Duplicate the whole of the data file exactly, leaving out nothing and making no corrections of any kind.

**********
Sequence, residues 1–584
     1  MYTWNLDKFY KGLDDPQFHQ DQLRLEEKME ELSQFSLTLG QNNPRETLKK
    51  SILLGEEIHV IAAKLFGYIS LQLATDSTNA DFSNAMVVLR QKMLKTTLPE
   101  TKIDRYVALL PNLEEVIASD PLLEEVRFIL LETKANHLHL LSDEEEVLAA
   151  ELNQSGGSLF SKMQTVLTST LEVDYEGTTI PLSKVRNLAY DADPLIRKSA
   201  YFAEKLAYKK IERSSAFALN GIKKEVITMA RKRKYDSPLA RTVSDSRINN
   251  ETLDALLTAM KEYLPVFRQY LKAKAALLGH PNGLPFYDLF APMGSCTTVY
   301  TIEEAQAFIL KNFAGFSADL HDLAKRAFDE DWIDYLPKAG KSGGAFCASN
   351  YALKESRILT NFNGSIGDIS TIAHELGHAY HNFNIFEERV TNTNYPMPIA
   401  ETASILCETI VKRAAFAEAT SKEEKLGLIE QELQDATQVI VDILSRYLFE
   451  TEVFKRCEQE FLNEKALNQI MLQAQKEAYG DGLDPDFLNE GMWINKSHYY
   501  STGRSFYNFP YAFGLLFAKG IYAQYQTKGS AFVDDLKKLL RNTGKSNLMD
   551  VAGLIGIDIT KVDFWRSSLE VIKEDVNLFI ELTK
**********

Sequence, residues 1–584
     1  MYTWNLDKFY KGLDDPQFHQ DQLRLEEKME ELSQFSLTLG QNNPRETLKK
    51  SILLGEEIHV IAAKLFGYIS LQLATDSTNA DFSNAMVVLR QKMLKTTLPE
   101  TKIDRYVALL PNLEEVIASD PLLEEVRFIL LETKANHLHL LSDEEEVLAA
   151  ELNQSGGSLF SKMQTVLTST LEVDYEGTTI PLSKVRNLAY DADPLIRKSA
   201  YFAEKLAYKK IERSSAFALN GIKKEVITMA RKRKYDSPLA RTVSDSRINN
   251  ETLDALLTAM KEYLPVFRQY LKAKAALLGH PNGLPFYDLF APMGSCTTVY
   301  TIEEAQAFIL KNFAGFSADL HDLAKRAFDE DWIDYLPKAG KSGGAFCASN
   351  YALKESRILT NFNGSIGDIS TIAHELGHAY HNFNIFEERV TNTNYPMPIA
   401  ETASILCETI VKRAAFAEAT SKEEKLGLIE QELQDATQVI VDILSRYLFE
   451  TEVFKRCEQE FLNEKALNQI MLQAQKEAYG DGLDPDFLNE GMWINKSHYY
   501  STGRSFYNFP YAFGLLFAKG IYAQYQTKGS AFVDDLKKLL RNTGKSNLMD
   551  VAGLIGIDIT KVDFWRSSLE VIKEDVNLFI ELTK